Supreme Court Judge Suspended for Mismanagement of Funds

Comptroller General Russian announced that Supreme Court judge Velasquez Alvaray is being suspended from duty due to presumed irregularities in the purchase of a court building. The case now goes to the National Assembly to decide whether he will be dismissed.

Caracas, Venezuela, May 25, 2006—AVenezuelan Supreme Court Judge, Luis Velásquez Alvaray, was suspended yesterdayfor allegedly mismanaging funds while heading the Executive Directorate of thecountry’s judicial system (DEM).

The announcement was made by representatives of Venezuela’sfourth branch of government, known as the Moral Republican Council, whichconsists of Comptroller General Clodovaldo Russián, Attorney General IsaíasRodríguez, and Human rights Ombudsman Germán Mundaraín.

Velásquez’s alleged mismanagement of funds stems fromnegotiations between the DEM, represented by Velásquez,and a private company, AZ2000, regarding the “Lebrún Judicial City” a45,000 square foot, 4-story project where a variety of civil courts were tofunction for the state of Miranda. Lastyear, the price of the project was dropped from $25 million to $7 million. The difference, the DEM decided, would go towardthe renovation of the property and the purchase of goods and services. However,this decision was made without an open bidding process, as required by law, andthe contract was given directly to AZ2000.

The Venezuelan daily, ElUniversal, reported yesterday that the Attorney General explained that inmaking their decision, they took in to account “the overprice [of the property]and the violation of the law of bidding,’ legislation which had not beenrespected when the price of the land was reduced to $7 million, from theinitial established price of $25 million, utilizing the difference for thepurchase of goods, services and renovations that were susceptible to legalprovisions, although the property had been excepted from them.”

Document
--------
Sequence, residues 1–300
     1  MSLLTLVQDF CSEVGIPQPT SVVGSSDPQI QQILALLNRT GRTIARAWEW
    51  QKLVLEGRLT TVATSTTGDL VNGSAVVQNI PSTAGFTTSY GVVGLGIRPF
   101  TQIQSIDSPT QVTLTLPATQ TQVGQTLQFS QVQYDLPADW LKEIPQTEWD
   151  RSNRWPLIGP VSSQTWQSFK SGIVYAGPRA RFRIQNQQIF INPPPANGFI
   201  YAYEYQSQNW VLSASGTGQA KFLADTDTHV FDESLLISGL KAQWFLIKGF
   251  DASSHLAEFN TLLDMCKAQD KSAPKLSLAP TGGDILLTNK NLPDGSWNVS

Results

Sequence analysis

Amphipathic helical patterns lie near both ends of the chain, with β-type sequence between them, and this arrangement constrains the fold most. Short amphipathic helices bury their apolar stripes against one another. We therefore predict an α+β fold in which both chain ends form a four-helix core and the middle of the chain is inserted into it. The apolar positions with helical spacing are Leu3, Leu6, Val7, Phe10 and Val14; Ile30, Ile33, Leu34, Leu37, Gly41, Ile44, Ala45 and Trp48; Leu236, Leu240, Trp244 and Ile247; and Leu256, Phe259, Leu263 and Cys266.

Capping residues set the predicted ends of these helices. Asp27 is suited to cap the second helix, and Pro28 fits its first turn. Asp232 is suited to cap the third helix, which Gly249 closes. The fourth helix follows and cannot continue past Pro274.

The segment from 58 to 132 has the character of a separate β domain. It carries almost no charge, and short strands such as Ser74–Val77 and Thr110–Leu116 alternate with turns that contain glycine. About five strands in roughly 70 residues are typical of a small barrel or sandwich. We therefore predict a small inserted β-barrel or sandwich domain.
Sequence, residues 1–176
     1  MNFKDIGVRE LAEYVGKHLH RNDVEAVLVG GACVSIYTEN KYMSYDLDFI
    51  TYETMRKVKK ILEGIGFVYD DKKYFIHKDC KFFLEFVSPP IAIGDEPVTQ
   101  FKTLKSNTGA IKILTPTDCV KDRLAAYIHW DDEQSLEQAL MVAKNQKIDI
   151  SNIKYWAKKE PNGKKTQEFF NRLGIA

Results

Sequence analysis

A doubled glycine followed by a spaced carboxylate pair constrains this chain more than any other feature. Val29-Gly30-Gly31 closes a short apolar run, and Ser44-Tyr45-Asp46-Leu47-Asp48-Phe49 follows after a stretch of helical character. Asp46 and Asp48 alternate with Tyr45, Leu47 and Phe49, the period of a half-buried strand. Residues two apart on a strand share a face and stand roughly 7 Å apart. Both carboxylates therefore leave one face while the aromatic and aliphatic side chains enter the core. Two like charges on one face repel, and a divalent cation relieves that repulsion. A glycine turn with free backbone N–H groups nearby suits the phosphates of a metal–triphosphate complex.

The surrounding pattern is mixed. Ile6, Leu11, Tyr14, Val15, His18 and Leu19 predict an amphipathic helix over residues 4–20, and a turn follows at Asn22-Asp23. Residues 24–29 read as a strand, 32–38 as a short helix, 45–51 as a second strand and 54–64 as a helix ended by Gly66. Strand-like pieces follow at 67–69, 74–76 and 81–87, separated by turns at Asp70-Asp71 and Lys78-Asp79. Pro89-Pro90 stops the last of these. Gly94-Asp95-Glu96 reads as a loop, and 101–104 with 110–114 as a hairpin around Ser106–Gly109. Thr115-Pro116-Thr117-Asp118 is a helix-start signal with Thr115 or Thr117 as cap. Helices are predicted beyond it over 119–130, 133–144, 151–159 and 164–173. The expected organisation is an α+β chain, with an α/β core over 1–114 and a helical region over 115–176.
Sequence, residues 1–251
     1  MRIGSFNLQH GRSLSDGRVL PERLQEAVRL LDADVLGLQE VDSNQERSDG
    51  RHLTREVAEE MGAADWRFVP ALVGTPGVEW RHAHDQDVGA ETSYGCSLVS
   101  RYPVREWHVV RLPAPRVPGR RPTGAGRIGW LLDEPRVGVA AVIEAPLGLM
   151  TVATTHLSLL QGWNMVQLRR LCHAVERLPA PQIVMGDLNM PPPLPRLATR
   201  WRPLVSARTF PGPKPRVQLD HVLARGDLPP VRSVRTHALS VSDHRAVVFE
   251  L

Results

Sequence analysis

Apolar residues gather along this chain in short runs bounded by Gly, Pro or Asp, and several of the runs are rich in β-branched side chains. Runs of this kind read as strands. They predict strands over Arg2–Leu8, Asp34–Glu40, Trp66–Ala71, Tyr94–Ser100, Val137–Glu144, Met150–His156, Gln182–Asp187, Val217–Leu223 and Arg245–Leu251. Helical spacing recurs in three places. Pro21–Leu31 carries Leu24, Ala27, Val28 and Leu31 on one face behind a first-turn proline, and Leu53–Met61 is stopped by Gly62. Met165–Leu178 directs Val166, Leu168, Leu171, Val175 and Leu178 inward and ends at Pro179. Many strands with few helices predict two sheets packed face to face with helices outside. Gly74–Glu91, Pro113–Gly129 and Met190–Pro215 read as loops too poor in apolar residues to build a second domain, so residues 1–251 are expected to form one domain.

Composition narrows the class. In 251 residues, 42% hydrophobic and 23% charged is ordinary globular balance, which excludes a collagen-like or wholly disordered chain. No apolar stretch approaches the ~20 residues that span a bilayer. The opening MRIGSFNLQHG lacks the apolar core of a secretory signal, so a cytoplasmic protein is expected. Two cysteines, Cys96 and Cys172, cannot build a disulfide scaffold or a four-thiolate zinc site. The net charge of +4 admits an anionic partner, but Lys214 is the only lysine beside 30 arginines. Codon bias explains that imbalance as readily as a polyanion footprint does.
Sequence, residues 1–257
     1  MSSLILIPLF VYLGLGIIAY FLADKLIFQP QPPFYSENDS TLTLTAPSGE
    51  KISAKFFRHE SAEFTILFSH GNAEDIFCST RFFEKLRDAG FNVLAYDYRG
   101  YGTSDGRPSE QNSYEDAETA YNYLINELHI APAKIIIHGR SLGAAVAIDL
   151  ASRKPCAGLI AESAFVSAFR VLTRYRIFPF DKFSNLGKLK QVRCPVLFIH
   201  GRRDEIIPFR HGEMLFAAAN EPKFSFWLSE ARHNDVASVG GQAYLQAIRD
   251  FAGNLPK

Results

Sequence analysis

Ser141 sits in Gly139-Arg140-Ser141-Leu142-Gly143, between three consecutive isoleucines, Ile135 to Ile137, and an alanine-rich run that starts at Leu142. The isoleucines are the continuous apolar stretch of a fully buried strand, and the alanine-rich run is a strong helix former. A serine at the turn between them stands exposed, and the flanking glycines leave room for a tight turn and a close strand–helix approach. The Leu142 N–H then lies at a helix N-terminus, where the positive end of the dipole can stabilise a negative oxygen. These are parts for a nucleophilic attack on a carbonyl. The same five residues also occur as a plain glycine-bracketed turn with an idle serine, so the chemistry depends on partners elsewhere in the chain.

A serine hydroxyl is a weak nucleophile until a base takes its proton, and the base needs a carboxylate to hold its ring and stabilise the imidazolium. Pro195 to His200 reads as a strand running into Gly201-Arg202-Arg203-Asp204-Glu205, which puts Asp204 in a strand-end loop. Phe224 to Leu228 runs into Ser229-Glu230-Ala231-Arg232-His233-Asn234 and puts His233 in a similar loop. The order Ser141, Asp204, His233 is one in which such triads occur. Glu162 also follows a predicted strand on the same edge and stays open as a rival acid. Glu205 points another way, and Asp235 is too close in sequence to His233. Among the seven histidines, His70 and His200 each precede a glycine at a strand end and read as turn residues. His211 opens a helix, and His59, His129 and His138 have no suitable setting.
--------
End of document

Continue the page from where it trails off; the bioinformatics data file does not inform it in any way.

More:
Comptroller General Russián assured that they will do whatis necessary to insure that the state doesn’t lose “one half cent,” and addedthat, “We are working so that a good part of the funds can be recuperated.”

Russián declared that the case will now be passed on to theAttorney General’s Office and the National Assembly to determine if the judgeis responsible for further civil, administrative, and criminal infractions, andif there were any others at fault.

Under the Supreme Court law, the National Assembly mustdecide whether the judge’s suspension is turned into a dismissal.

"Once the offense has been identified, and theproceedings of the Moral Republican Council have been received, the Presidentof the National Assembly shall convoke a plenary session within 10 working daysto hear the party concerned and resolve on removal," declared NationalAssembly President Nicolás Maduro, citing Article 12 of the Supreme Court Law.

Maduro further declared that the Moral Republican Councilcarried out the law in a “strict and impeccable” way, and that they will have afinal report on their decision ready in three days.

“We are going to continue to strictly follow the law inorder to give judge Velásquez Alvaray his right to defense and to listen to hisarguments,” Maduro continued.

El Universalreported that due to his status as a judge, Velásquez does have the benefit ofa pre-trial before any criminal indictment. However, if and when he is officially dismissed by the National Assemblyhe would be tried as a regular citizen.

Velásquez first came under suspicion in March the Ministerof Interior and Justice, Jesse Chacón,declared at the time, “As a consequence of all of these facts we have sent thecomplete information on to the Anti-corruption Commission of the MoralRepublican Council, so that they carry out an exhaustive investigation anddeclare if there exists a violation of the Venezuelan laws or not.”

Velásquez has vocally denied the charges and says that theyare politically motivated and are being orchestrated by Vice-President José VicenteRangel, Interior and Justice Minister Jesse Chacon, and National AssemblyPresident Nicolas Maduro because he refuses to their bidding. He went on toaccuse Rangel of urging him to release a drug trafficker, which he refused todo, and said that this group was part of a current that believes in “Chavismowithout Chavez.”

Ironically, during his tenure on the court and as headof the court system’s Executive Directorate,Velásquez fired dozens of Venezuelan judges for corruption. He resigned from his post on the ExecutiveDirectorate on March 6 of this year.